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At least 3 killed, 56 injured when plane crashes at Reno air race

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Ward Howes / AP

A P-51 Mustang airplane is shown right before crashing at the Reno Air show on Friday, Sept. 16, 2011. A World War II-era fighter plane flown by a veteran Hollywood stunt pilot plunged Friday into the edge of the grandstands during a popular air race, killing three people, injuring more than 50 spectators and creating a horrific scene strewn with smoking debris.

Updated Friday, Sept. 16, 2011 | 9:44 p.m.

Reno Air Races crash

A P-51 Mustang airplane crashes into the edge of the grandstands at the Reno Air show on Friday, Sept. 16, 2011. The World War II-era fighter plane flown by a veteran Hollywood stunt pilot Jimmy Leeward plunged Friday into the edge of the grandstands during the popular air race creating a horrific scene strewn with smoking debris. Launch slideshow »

Reno air show plane crash kills 3, injures 56

KSNV coverage of a deadly air show plane crash in Reno which leaves three dead and 56 injured, Sept. 16, 2011.

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This Wednesday, Sept. 15, 2010, photo, shows long time Reno Air Race pilot Jimmy Leeward with his P51 Mustang. A spokesman for Reno's National Championship Air Races says the P-51 Mustang that crashed into a box seat area at the front of the grandstand Friday, Sept. 16, 2011, at the air race was piloted by Leeward.

RENO — A World War II-era fighter plane flown by a veteran Hollywood stunt pilot plunged Friday into the edge of the grandstands during a popular air race, killing three people, injuring more than 50 spectators and creating a horrific scene strewn with smoking debris.

The plane, piloted by 74-year-old Jimmy Leeward, spiraled out of control without warning and appeared to disintegrate upon impact. Bloodied bodies were spread across the area as people tended to the victims and ambulances rushed to the scene.

Authorities were investigating the cause, but an official with the event said there were indications that mechanical problems were to blame.

Maureen Higgins of Alabama, who has been coming to the air races for 16 years, said the pilot was on his third lap when he lost control.

She was sitting about 30 yards away from the crash and watched in horror as the man in front of her started bleeding after debris hit him in the head.

"I saw body parts and gore like you wouldn't believe it. I'm talking an arm, a leg," Higgins said "The alive people were missing body parts. I am not kidding you. It was gore. Unbelievable gore."

Among the dead was Leeward, of Ocala, Fla., a veteran airman and movie stunt pilot who named his P-51 Mustang fighter plane the "Galloping Ghost," according to Mike Houghton, president and CEO of Reno Air Races. Officials earlier said Leeward was 80.

Renown Regional Medical Center spokeswoman Kathy Carter confirmed that two others died, but did not provide their identities.

Stephanie Kruse, a spokeswoman for the Regional Emergency Medical Service Authority, told The Associated Press that emergency crews took a total of 56 injury victims to three hospitals. She said they also observed a number of people being transported by private vehicle, which they are not including in their count.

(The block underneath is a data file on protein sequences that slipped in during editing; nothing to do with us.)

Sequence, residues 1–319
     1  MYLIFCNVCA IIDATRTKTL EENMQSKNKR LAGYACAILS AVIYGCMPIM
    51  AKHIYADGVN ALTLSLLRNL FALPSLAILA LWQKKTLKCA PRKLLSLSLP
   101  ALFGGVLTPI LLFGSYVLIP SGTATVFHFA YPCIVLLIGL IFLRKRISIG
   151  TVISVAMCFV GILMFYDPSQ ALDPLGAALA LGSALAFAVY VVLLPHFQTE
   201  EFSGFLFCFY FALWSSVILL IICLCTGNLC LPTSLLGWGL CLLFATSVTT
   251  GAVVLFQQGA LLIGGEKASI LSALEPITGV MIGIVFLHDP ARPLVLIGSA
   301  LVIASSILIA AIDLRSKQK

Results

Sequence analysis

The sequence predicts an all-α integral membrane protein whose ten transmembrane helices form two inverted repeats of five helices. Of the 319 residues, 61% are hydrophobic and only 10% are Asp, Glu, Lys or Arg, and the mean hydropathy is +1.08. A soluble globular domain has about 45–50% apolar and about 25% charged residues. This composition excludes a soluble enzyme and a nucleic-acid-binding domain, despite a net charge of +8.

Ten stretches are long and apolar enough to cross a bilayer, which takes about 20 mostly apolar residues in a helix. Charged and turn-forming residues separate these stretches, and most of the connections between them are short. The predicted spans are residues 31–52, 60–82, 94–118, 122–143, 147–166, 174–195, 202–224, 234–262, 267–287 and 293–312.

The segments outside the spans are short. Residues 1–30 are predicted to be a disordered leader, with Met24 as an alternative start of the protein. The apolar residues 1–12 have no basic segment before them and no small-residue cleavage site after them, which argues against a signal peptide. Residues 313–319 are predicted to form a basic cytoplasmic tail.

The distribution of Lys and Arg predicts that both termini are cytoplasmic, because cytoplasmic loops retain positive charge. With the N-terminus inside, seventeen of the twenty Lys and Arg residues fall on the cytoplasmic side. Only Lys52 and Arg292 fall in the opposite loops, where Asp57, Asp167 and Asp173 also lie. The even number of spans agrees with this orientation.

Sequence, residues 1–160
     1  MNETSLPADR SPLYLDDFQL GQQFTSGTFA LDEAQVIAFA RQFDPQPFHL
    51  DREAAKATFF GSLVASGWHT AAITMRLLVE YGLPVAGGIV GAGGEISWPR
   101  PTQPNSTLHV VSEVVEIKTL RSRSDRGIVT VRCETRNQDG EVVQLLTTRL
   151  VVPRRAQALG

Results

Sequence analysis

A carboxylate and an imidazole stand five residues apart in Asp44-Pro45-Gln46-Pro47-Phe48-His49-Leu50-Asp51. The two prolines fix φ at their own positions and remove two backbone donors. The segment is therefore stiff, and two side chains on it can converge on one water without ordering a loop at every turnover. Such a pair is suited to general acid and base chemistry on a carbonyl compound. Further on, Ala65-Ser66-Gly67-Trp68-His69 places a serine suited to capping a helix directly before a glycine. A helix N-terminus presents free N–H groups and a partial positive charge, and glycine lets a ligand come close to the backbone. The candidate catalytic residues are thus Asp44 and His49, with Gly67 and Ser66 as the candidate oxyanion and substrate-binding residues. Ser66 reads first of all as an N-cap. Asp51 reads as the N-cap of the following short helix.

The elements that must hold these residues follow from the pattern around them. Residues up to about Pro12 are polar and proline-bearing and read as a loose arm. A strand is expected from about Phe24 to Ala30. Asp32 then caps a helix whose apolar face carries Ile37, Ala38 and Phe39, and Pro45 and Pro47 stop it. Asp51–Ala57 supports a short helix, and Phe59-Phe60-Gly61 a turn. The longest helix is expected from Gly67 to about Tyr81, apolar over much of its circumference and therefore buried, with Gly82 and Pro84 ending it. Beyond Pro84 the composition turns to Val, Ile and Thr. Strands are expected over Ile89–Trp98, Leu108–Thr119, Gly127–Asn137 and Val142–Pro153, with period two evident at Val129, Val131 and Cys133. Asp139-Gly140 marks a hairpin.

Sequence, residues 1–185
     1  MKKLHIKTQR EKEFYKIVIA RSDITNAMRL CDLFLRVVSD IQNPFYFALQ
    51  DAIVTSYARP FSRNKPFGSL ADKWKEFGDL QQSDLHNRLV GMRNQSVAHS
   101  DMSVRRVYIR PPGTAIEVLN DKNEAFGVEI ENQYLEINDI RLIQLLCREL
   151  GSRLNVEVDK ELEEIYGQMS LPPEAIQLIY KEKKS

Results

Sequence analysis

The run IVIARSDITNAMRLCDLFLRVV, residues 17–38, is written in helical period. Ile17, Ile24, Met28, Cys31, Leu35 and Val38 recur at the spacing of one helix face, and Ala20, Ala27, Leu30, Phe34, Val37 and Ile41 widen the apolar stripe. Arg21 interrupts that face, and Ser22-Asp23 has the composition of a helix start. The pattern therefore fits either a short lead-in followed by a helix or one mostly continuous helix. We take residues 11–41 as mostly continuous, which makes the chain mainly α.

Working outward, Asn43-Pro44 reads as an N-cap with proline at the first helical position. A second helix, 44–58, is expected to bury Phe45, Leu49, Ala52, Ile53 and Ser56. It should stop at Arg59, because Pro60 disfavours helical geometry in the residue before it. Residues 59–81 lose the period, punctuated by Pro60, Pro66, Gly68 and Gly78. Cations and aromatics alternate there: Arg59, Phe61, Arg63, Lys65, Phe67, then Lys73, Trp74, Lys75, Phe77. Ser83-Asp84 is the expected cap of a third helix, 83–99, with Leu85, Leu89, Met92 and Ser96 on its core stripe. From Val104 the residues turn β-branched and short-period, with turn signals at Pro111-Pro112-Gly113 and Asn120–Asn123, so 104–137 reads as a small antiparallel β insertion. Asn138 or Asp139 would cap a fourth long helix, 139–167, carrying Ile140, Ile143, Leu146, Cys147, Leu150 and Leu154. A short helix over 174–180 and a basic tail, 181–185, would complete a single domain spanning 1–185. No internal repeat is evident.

Kruse said of the total 56, at the time of transport, 15 were considered in critical condition, 13 were serious condition with potentially life-threatening injuries and 28 were non-serious or non-life threatening.

"This is a very large incident, probably one of the largest this community has seen in decades," Kruse told The Associated Press. "The community is pulling together to try to deal with the scope of it. The hospitals have certainly geared up and staffed up to deal with it."

The P-51 Mustang, a class of fighter plane that can fly at speeds in excess of 500 mph, crashed into a box-seat area in front of the grandstand at about 4:30 p.m., race spokesman Mike Draper said. Houghton said Leeward appeared to have "lost control of the aircraft," though details on why that happened weren't immediately known.

Houghton said at a news conference hours after the crash that there appeared to be a "problem with the aircraft that caused it to go out of control." He did not elaborate.

He said the rest of the races have been canceled as the NTSB investigates.

KRNV-TV weatherman Jeff Martinez, who was just outside the air race grounds at the time, said the plane veered to the right and then "it just augered straight into the ground."

"You saw pieces and parts going everywhere," he said. "Everyone is in disbelief."

Tim Linville, 48, of Reno, said the pilot appeared to lose partial control off the plane when he veered off course and flew over the bleachers where Linville was sitting with his two daughters.

"I told the girls to run and the pilot pulled the plane straight up, but he couldn't do anything else with it," Linville told the AP. "That's when it nosedived right into the box seats."

Linville said after the plane went straight up, it barrel rolled and inverted downward, crashing into an area where at least 20 people were sitting.